Thursday, 25 September 2014

Resurgence ~ 2 October 2014

SFU Department of English &
Department of First Nations Studies are proud to present:


Resurgence: New Directions in Indigenous Literary Studies
in the 21st Century

A roundtable discussion, book launch and reception

Celebrating the recent publication of:

Anahareo, Devil in Deerskins: My Life with Grey Owl. Ed. Sophie McCall.
Winnipeg: U Manitoba P, 2014.

James H. Cox and Daniel Heath Justice, eds. The Oxford Handbook of
Indigenous American Literature
. Toronto: Oxford UP, 2014.

Neal McLeod, ed. Indigenous Poetics in Canada. Waterloo ON: Wilfrid Laurier
UP, 2014.

Books For Sale! Cash Only Please

Date: October 2, 2014

Time: 5:30 – 9:30 pm:

5:30 – 7:00 pm: Roundtable discussion
7:00 – 8:00pm: Reception
8:00 – 9:30pm: Book Launch

Place: Room 1900, Harbour Centre Campus, SFU
515 West Hastings Street, Vancouver BC

Light refreshments will be served

Free and open to the public

This event will bring together leading writers and scholars whose recent publications are charting new critical directions while drawing upon complex and varied historical contexts.

Each of the publications represents notable "firsts." 

Neal McLeod¹s edited collection of essays, Indigenous Poetics in Canada (Wilfrid Laurier UP 2014), is the first book in WLUP’s Indigenous Studies series, broadening the way in which Indigenous poetry is examined, studied, and discussed in Canada. 

James H. Cox and Daniel Heath Justice’s reader, The Oxford Handbook of Indigenous American Literature (Oxford UP, 2014), is the first comprehensive study to fully take into account the last fifteen years of critical dialogues in the field, emphasizing resurgence and recovery. 

The new critical edition of Anahareo’s memoir, Devil in Deerskins: My Life with Grey Owl, originally published 1972, is the first in the series, First Voices, First Texts (U Manitoba P 2014), reintroducing readers to a very important but largely forgotten memoir by one of Canada’s most talented Aboriginal writers.

The event aims to create a lively discussion and dialogue in a roundtable format that critically engages with the vibrant field of Indigenous literary studies. Each of the invited speakers will talk about their respective book projects, focusing on questions of resurgence in Indigenous literary studies in the 21st century, before opening up the floor to questions and comments.

Following the roundtable, there will be a book launch with authors and contributors present.

Invited Participants:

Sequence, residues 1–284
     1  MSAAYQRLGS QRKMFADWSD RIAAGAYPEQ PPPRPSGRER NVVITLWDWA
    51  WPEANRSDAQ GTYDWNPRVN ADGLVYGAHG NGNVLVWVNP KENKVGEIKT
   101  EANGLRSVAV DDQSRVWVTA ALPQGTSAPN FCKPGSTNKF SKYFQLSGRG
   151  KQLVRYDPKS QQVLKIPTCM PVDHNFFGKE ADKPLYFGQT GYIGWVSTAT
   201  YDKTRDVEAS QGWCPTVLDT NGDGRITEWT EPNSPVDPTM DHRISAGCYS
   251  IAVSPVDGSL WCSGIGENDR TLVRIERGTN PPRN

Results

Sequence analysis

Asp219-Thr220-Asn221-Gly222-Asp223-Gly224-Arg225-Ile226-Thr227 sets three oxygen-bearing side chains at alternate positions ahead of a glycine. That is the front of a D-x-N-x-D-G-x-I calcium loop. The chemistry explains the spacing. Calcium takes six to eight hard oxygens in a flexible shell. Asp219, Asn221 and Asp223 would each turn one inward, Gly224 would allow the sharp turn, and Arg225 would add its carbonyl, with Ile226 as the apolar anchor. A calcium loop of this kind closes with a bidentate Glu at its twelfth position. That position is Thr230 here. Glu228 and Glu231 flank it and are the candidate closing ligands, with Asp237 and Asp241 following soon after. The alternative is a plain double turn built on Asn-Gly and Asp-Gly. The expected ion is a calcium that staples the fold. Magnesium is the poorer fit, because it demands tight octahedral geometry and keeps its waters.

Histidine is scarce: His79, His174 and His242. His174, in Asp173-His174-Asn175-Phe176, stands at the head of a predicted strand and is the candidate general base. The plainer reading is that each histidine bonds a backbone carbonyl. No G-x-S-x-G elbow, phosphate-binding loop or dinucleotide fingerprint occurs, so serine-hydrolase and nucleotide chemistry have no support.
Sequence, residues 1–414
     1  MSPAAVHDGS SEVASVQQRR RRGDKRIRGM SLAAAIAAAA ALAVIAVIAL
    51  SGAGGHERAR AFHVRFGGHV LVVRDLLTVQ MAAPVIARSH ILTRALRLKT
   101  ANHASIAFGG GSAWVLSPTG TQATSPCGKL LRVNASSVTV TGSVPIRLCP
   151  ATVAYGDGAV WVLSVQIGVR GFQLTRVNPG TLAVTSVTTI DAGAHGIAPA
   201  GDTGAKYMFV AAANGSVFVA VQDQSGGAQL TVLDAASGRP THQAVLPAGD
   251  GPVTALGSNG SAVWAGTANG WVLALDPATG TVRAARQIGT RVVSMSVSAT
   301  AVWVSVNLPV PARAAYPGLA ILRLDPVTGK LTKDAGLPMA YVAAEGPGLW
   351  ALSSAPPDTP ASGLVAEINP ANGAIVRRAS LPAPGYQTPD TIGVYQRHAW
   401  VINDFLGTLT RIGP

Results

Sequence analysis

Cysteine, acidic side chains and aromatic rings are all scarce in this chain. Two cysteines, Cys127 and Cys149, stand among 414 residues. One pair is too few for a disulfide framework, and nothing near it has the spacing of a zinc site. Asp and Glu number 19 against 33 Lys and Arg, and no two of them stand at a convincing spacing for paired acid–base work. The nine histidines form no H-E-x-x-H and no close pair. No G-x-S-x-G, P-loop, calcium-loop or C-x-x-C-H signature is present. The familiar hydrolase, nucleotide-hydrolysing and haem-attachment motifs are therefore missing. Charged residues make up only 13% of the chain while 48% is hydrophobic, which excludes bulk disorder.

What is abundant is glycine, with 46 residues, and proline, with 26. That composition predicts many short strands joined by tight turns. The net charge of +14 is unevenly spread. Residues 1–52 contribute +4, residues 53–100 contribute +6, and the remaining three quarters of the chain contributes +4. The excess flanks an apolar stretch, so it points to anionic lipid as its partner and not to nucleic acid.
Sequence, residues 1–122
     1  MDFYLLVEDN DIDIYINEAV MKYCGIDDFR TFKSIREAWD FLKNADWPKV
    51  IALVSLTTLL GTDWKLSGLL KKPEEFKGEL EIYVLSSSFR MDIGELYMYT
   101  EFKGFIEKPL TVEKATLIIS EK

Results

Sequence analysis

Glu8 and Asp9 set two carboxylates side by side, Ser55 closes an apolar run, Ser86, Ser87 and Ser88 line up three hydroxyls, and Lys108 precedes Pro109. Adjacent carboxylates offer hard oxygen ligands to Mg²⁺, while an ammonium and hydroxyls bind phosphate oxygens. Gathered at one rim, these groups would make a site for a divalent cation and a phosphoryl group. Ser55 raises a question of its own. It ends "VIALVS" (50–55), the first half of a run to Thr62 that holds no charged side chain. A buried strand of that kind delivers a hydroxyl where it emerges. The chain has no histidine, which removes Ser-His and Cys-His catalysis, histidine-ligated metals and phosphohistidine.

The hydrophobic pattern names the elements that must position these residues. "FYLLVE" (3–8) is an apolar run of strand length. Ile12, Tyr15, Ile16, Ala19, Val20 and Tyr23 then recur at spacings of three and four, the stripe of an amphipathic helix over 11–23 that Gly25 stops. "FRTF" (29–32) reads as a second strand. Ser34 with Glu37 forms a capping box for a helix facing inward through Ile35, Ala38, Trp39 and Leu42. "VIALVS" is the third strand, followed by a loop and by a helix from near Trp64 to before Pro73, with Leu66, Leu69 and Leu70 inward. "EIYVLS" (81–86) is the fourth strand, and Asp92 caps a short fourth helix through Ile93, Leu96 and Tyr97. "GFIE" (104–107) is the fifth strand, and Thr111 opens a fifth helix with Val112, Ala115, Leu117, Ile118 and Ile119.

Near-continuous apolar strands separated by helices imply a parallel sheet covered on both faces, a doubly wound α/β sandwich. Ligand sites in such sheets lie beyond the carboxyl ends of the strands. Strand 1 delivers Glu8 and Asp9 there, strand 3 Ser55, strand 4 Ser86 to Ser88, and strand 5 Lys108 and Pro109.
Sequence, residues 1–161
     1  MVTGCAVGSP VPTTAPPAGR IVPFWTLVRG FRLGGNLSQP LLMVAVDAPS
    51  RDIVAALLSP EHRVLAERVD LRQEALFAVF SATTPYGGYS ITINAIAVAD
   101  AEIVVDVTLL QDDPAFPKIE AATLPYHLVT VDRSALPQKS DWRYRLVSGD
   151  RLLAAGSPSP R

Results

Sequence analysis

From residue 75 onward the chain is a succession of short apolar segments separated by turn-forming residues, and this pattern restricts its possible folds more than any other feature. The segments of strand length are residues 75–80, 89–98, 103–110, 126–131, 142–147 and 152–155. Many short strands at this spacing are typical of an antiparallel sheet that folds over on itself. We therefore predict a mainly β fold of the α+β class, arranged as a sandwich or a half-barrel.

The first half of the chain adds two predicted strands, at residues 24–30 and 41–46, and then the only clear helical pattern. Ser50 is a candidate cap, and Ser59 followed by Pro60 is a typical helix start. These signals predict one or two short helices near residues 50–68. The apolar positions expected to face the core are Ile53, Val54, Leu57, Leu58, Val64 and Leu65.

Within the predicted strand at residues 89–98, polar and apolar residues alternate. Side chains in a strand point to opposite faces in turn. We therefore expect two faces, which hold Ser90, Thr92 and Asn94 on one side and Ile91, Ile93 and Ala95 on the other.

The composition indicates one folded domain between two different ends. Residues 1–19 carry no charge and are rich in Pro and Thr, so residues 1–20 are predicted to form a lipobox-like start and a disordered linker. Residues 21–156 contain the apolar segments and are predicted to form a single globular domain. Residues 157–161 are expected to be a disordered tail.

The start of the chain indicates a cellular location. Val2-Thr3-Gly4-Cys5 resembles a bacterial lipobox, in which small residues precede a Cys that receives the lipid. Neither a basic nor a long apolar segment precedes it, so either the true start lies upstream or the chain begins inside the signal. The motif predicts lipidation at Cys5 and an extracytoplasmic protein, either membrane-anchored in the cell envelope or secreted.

Joanne Arnott is a Métis poet and author of 10 books of poetry and children’s literature. Her most recent publication is Halfling Spring (Kegedonce Press, 2014). She is a contributor to Indigenous Poetics.

Sarah Henzi is a Postdoctoral Fellow in the First Nations Studies Program (UBC) and a Sessional Instructor in the Department of First Nations Studies (SFU). Her research focuses on Indigenous literatures and New Media, pop culture and alternative genres. She is a contributor to The Oxford Handbook.

Daniel Heath Justice (Cherokee) is Canada Research Chair of Indigenous Literatures and Expressive Culture and Associate Professor of First Nations Studies and English at the University of British Columbia. He is the co-editor of The Oxford Handbook of Indigenous American Literature.

Neal McLeod (Cree) has two books of poetry: Songs to Kill a Wîhtikow (2005) and Gabriel’s Beach (2008). Cree Narrative Memory (2007) was nominated for book of the year at the Anskohk McNally Aboriginal Literature Awards. He teaches Indigenous studies at Trent University in Peterborough, Ontario. He is the editor of Indigenous Poetics.

Niigaanwewidam James Sinclair is Anishinaabe (St. Peter's/Little Peguis) and an Assistant Professor at the University of Manitoba. He is the co-editor of the award-winningManitowapow: Aboriginal Writings from the Land of Water (Highwater Press, 2011) and Centering Anishinaabeg Studies: Understanding the World Through Stories (Michigan State University Press, 2013). He is a contributor to Indigenous Poetics.

Katherine Swartile (Mohawk) is the daughter of Anahareo. She wrote the preface to the new edition of Devil in Deerskins.

Many Thanks to:English Department (SFU), First Nations Studies Department (SFU), Office for
Aboriginal Peoples (SFU), First Nations Studies Program (UBC), U Manitoba P, Oxford UP, and Wilfrid Laurier UP.

Friday, 19 September 2014

Ontario Premier's Awards for Excellence in the Arts: Lee Maracle & Cherie Dimaline

Lee Maracle reading at NEC Lunchtime (Jason Brawn photo)

Cherie Dimaline reading at NEC Lunchtime (Jason Brawn photo)

Lee Maracle, Cherie Dimaline win Ontario Premier’s Awards

Aboriginal talent was honoured at the eighth annual Ontario Premier’s Awards for Excellence in the Arts, which were handed out last night at a gala ceremony held at Toronto’s Roy Thomson Hall.